Rain doesn't always mean a closed soccer field

Bad weather floods Sooke Soccer Club with cancelled games

Ongoing cancellation of games does affect player training and expertise, says club official.

Despite a dark and wet season so far for the Sooke Soccer Club, there may still be some sunshine in 2017 with the highly anticipated artificial turf field at Fred Milne Park.

There’s still a long way to go, however, and week-long torrential rains meant teams had to either skip town and play somewhere else, or simply face field cancellations.

While club numbers are slightly up this soccer season, technical coach and Sooke Soccer Academy coordinator Joe Bratanovic said numerous game cancellations does affect players’ performance and skill level.

“It has a huge affect on our kids … with so many cancellations, it affects the players by not able to play or practice outside,” he said.

Bratanovic said for an athlete having a steady schedule for practices and games keeps them going and shapes them as a player.

As of this year, Sooke and Peninsula are the only soccer clubs in Greater Victoria without their own turf fields, which would otherwise allow players to play and practice year-round, regardless of weather.

Alternatives are available, but with mixed results, said Bratanovic.

The club rents a turf field in Langford every Tuesday for two hours, where they squeeze about 12 teams (one hour per team) but even that has its drawbacks.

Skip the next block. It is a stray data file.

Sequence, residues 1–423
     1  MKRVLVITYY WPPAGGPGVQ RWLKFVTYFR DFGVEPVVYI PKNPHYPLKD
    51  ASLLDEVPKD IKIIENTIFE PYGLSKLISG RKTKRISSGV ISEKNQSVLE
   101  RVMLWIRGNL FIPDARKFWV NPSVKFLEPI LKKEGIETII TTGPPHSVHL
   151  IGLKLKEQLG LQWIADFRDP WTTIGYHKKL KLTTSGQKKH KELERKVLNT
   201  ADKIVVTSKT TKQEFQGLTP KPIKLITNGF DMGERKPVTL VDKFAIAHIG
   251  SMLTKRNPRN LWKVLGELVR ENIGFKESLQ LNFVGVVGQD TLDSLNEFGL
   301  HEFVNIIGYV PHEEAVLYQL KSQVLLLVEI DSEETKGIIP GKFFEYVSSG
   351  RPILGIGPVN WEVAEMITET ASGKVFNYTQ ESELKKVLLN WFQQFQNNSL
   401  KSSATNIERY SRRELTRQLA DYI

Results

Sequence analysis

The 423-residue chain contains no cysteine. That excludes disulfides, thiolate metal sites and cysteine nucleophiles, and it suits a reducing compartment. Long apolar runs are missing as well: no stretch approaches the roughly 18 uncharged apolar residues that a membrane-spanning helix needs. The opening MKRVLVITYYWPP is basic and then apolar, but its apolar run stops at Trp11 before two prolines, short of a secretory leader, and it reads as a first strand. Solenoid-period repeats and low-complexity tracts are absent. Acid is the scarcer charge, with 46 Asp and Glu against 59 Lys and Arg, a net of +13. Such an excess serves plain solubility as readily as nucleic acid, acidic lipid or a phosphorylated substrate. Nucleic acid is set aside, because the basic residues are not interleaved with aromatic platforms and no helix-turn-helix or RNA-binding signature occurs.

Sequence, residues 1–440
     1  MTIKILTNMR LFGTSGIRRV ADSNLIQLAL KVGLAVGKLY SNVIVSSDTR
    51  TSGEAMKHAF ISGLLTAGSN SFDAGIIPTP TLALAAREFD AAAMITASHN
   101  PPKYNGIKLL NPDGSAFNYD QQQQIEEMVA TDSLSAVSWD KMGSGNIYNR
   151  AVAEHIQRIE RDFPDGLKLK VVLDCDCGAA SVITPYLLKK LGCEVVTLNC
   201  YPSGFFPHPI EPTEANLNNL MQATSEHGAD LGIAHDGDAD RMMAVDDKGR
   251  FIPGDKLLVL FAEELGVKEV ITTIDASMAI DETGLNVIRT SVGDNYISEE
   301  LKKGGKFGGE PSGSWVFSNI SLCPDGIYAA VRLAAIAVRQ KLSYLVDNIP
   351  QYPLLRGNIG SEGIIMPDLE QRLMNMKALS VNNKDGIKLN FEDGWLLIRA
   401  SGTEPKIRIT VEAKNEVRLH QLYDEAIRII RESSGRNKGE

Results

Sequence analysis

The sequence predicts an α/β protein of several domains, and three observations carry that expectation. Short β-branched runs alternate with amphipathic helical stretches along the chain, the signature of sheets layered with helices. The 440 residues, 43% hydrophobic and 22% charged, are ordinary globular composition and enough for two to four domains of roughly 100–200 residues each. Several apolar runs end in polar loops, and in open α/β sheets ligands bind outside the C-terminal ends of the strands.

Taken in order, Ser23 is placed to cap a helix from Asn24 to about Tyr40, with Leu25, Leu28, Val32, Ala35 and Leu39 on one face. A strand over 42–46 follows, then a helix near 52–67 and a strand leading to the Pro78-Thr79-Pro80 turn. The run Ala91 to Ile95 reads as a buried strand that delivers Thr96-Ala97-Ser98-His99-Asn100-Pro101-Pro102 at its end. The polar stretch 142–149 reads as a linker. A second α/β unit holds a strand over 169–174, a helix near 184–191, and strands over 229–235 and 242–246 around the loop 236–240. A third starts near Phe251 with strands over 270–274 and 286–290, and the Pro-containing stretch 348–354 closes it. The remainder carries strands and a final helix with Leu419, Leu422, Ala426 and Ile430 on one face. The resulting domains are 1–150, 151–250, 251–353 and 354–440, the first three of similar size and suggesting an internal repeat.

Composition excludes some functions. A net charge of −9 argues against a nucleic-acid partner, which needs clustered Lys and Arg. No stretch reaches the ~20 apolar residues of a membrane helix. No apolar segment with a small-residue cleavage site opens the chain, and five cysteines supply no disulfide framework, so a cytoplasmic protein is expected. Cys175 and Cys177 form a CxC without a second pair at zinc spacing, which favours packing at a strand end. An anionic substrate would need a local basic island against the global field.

“We really try to maximize what we have, but the fields belong to someone else, so they decided to give us the option for only one evening,” he said, adding the club occasionally uses the Edward Milne Community School gym.

“It helps us work on our technical part, but not so much on the physical and tactical components. It’s a small area compared to the soccer fields outside.”

Bratanovic said the turf field funds are secured and community support is in place, though the club is still waiting for the final bits of paperwork to sift through.

The club is also awaiting word from the Agricultural Land Commission on its ALR application, a critical component of the process that remained stagnant since September.

While no official dates have been discussed, Bratanovic hinted that work on the turf field is slated to begin at the end of April.

Until then, though, the Sooke Soccer Club will continue fighting against the odds.

“For our athletes to progress in their development, they got to have the opportunity to come out and play and practice … without that, we’re not going anywhere,” he said.

 

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